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Brown-tail Moth Caterpillar (Euproctis chrysorrhoea)

The Brown Tail Moth is an insect pest found in Europe, North America and the coastal areas of England. The caterpillars (larvae of the moth) are found on shrubs and trees including Blackthorn, Bramble, Dog Rose, Hawthorn, Apple, Pear, Plum and Elm. Forsythia, Oak and Strawberry may also be infested.


Adult moths may be seen in July and August. They have white wings which measure 32-33 mm (1.3" - 1.5") across, white head and thorax, with a dark brown abdomen which has a tuft of brown hairs at the tip. They lay eggs from which hatch the caterpillars. The caterpillars may be seen August to October, then again after winter hibernation, from April to June. When ready to pupate in June they can be up to 25 mm/1" in length. The body is nearly black with two bright orange marks on the rear (abdominal) segments, which also have a row of downy white scales along the upper part of each side. The body has long yellowish brown hairs in tufts.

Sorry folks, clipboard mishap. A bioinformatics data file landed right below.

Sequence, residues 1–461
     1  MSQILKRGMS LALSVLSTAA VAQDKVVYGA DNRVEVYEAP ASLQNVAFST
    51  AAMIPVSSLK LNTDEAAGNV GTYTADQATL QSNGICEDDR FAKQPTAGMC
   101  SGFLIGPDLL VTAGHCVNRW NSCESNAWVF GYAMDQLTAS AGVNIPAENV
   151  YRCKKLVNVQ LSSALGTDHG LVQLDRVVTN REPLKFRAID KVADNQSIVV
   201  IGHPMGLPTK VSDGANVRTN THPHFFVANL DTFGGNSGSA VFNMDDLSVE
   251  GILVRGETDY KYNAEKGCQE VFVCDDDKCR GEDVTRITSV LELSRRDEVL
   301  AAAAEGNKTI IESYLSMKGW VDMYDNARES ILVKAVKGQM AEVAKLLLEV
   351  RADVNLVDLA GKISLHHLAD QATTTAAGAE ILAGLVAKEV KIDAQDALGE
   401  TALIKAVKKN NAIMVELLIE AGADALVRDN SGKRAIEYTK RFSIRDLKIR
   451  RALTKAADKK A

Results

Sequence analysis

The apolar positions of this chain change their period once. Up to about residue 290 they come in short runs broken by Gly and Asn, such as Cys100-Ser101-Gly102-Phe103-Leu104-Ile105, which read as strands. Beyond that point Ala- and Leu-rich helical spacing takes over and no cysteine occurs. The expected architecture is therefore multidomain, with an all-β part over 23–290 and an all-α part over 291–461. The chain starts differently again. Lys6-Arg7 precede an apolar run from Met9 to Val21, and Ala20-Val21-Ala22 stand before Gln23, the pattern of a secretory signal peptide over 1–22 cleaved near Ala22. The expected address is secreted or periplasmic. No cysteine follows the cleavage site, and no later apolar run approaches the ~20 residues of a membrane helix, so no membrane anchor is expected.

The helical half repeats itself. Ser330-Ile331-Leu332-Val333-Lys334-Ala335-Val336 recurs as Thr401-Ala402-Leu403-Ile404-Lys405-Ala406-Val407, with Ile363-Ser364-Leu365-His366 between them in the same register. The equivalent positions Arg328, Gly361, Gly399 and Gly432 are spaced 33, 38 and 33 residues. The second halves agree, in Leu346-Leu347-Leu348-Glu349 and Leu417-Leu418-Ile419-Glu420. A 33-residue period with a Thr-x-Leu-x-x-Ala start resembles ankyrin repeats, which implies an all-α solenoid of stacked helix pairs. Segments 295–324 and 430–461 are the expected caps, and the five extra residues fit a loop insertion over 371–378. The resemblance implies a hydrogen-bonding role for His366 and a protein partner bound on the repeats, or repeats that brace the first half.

The caterpillars spin a silken home or tent which they gradually enlarge. These can be seen on plants as white silken bags which may be connected by white silken 'walkways' along branches.


This hairy caterpillar can cause severe problems if encountered too closely! The hairs have a poison gland at the base and a rash can be produced which may be severe in some people. Similarly, the hairs could produce severe damage were they to enter the eye. So, don't get too close when taking macro shots!

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Taken on June 7, 2012